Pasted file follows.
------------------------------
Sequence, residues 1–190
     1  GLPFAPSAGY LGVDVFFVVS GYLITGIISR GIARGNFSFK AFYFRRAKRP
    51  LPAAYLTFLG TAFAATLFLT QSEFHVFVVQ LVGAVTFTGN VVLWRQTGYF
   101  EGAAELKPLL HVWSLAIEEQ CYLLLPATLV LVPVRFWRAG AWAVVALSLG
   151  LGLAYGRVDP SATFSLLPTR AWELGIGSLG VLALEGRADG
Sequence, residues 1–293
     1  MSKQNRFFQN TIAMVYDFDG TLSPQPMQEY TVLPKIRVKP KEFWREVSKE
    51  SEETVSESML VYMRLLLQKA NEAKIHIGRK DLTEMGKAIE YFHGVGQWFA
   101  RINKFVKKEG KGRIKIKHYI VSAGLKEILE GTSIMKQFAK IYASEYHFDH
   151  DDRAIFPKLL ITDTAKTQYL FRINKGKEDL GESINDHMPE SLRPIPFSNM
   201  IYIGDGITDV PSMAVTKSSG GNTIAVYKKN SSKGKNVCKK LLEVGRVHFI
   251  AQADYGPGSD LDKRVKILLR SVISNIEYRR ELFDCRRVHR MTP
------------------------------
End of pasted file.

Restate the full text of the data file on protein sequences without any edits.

Sequence, residues 1–190
     1  GLPFAPSAGY LGVDVFFVVS GYLITGIISR GIARGNFSFK AFYFRRAKRP
    51  LPAAYLTFLG TAFAATLFLT QSEFHVFVVQ LVGAVTFTGN VVLWRQTGYF
   101  EGAAELKPLL HVWSLAIEEQ CYLLLPATLV LVPVRFWRAG AWAVVALSLG
   151  LGLAYGRVDP SATFSLLPTR AWELGIGSLG VLALEGRADG
Sequence, residues 1–293
     1  MSKQNRFFQN TIAMVYDFDG TLSPQPMQEY TVLPKIRVKP KEFWREVSKE
    51  SEETVSESML VYMRLLLQKA NEAKIHIGRK DLTEMGKAIE YFHGVGQWFA
   101  RINKFVKKEG KGRIKIKHYI VSAGLKEILE GTSIMKQFAK IYASEYHFDH
   151  DDRAIFPKLL ITDTAKTQYL FRINKGKEDL GESINDHMPE SLRPIPFSNM
   201  IYIGDGITDV PSMAVTKSSG GNTIAVYKKN SSKGKNVCKK LLEVGRVHFI
   251  AQADYGPGSD LDKRVKILLR SVISNIEYRR ELFDCRRVHR MTP